A bank’s floating house loan interest rates must be linked to an external benchmark, which in most cases is the RBI repo rate. As a result, if the RBI repo rate is changed, it directly impacts a borrower’s EMI or term. Because the repo rate is transmitted instantly, the borrower sees the impact on his or her home loan interest rate within three months.

When the repo rate rises, so do the repo rate linked lending rate (RLLR), resulting in a rise in the borrower’s home loan interest rate. Banks, on the other hand, usually increase the loan’s duration rather than increasing the EMI.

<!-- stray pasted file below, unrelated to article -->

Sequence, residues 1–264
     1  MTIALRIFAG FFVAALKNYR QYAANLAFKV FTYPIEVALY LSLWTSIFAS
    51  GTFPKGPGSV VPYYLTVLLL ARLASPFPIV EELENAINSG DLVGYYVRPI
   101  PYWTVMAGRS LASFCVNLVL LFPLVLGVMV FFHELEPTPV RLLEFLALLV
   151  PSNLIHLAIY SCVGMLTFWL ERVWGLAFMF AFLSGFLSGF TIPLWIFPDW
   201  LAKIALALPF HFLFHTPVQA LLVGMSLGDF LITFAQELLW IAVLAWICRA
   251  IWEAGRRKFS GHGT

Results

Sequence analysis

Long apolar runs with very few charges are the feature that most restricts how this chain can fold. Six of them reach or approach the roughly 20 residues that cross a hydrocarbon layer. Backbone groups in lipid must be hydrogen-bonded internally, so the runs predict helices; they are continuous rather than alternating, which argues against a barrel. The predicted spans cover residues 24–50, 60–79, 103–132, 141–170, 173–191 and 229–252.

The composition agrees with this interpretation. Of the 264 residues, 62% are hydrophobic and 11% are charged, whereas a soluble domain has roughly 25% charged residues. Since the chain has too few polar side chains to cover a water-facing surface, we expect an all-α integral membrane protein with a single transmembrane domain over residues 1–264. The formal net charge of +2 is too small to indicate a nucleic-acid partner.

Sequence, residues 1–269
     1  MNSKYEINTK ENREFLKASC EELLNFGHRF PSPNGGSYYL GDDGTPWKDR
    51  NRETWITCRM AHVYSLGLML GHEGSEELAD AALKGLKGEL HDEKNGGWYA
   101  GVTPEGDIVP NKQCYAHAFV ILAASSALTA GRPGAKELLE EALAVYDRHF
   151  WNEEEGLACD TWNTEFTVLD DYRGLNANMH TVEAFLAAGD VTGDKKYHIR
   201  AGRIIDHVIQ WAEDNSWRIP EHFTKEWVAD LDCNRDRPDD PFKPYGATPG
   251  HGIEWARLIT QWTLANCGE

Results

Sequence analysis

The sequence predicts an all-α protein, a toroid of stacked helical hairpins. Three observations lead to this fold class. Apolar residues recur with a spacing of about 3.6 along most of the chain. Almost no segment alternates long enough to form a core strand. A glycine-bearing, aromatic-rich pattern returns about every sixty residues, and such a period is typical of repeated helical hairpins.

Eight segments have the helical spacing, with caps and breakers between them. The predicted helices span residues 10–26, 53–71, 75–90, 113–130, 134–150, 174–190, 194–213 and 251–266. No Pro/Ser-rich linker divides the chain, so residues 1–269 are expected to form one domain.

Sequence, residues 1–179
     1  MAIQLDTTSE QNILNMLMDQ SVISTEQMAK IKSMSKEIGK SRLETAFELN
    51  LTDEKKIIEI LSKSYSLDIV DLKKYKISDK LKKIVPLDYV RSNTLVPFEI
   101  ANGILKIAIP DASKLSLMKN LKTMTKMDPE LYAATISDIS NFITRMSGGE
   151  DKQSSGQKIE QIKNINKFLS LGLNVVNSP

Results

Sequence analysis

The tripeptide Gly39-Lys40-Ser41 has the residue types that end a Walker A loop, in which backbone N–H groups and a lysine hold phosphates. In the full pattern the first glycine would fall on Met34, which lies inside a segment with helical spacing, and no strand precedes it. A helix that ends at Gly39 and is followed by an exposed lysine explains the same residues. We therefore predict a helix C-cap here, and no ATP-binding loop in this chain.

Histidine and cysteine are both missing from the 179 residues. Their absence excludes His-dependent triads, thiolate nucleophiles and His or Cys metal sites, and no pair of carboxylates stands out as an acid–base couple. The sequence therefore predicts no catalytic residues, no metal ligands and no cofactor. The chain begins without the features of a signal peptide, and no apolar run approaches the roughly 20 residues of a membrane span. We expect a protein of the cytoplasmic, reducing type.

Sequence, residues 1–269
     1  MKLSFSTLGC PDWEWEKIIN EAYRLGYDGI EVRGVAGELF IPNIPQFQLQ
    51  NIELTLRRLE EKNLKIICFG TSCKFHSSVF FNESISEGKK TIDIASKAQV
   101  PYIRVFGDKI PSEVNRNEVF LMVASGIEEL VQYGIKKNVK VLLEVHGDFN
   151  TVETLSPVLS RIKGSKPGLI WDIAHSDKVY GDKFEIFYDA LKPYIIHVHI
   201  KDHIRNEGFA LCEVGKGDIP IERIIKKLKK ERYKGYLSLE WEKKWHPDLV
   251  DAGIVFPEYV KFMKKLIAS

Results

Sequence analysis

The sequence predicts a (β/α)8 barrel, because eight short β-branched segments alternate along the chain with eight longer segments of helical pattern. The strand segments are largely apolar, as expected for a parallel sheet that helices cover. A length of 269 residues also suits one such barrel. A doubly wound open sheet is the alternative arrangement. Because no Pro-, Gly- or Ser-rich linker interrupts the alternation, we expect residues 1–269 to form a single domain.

The latest rate boost by the RBI was 0.4 per cent, and another 0.6 per cent increase will bring the repo rate to 1%, or 100 basis points. The entire 100 basis point rise will be reflected in the interest rate on house loans.

Assuming a loan outstanding of Rs 35 lakh, a 1 per cent increase in interest rate pushes the interest burden by almost 8 per cent (approximately Rs 3.6 lakh), keeping all other factors constant.

At 7.1 per cent ( on a Rs 35 lakh)

EMI – Rs 31,655

Interest paid – Rs 21,97,898

If the rate increases by 100 basis points or 1 per cent, then at 8.1 per cent (on a Rs 35 lakh)

EMI – Rs 33,650

Interest paid – Rs 25,57,000

The Reserve Bank of India (RBI) kept policy rates constant at its first meeting of the Monetary Policy Committee (MPC) for the financial year 2022-23 in April 2022. But then there was the unexpected rate hike of 0.4 per cent. The RBI is projected to raise the repo rate further in the future, affecting borrowing prices.